There were few surprises in today’s FOMC decision and statement to hold the Fed funds target rate at between 0.50 and 0.75%. The decision was unanimous with no dissents.
The statement held few clues on when we can expect the next rate hike from the Fed, which probably rules out an imminent rate hike from the Fed at the next FOMC meeting in March.
We continue to expect the next rate hike from the FOMC in June, 2017 and three quarter-point rate hikes from the Fed in 2017.
The Fed noted that the labor market continued to strengthen, and economic activity continued to expand at a moderate pace. They characterized job gains as solid, household spending has continued to rise moderately, while business fixed investment has remained soft. They added a sentence that measures of consumer and business sentiment had improved of late.
On inflation they noted that inflation increased in recent quarters, but is still below the Committee’s 2 percent long-run objective, and that market based measures of inflation compensation remain low, and survey based measure of long-term inflation expectations are little changed.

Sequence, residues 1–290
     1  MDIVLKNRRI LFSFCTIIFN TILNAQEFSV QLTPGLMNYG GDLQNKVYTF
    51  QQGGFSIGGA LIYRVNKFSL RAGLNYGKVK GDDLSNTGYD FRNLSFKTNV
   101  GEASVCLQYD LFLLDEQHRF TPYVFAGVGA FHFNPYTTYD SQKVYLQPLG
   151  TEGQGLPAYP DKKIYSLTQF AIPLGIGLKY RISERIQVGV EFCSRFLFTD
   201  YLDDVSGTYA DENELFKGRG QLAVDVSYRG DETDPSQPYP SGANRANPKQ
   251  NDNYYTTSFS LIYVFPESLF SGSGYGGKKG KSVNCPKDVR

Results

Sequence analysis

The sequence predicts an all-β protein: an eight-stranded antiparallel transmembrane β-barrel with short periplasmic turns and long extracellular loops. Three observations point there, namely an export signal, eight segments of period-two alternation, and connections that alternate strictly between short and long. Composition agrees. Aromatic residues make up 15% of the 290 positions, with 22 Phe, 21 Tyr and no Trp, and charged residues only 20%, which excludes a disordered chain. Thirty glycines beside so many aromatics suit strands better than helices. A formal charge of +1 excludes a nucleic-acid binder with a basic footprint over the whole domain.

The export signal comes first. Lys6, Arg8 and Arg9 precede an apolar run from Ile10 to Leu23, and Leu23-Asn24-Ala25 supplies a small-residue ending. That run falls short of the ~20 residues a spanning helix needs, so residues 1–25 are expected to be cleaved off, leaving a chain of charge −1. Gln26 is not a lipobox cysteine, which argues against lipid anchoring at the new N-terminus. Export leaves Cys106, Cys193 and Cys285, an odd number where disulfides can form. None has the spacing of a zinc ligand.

In short, it appears that the U.S. economy is performing pretty close to plan right now, and the FOMC saw little reason of either accelerate the pace of rate hikes, or moderate the pace in 2017. The FOMC Median dot-plot, updated at the December meeting, showed 3 quarter point rate hikes this year. The Fed Funds futures market continues to expect only 2 quarter point rate hikes by year-end. Today’s statement will do little to change interest rate hike expectations for this year.
Some analysts had been looking for more guidance on timing of when the FOMC will start to unwind their $4.5 trillion dollar balance sheet. Today’s statement added little insight on this question, as the Fed will continue to reinvest principal payments from its holdings of agency debt and rollover maturing Treasury securities at auction, and it anticipates continuing to do so until normalization of the level of the federal funds rate is well underway. We take that to mean the shrinkage of the Fed balance sheet is likely a year or more away at this point.
Market reaction to the FOMC decision and statement has been muted so far. U.S. equities are trading just above the flat-line. The 10-Year Treasury yield is up 2 basis points from yesterday’s level to 2.47% (but have fallen since this morning), while the U.S. dollar strength has softened a bit since the statement release.
Those investors that were looking for a more hawkish slant on the near-term economic and inflation outlook and interest rates in today’s statement will be disappointed.
Scott Anderson, Ph.D., Bank of the West Economics, Chief Economist, Executive Vice President
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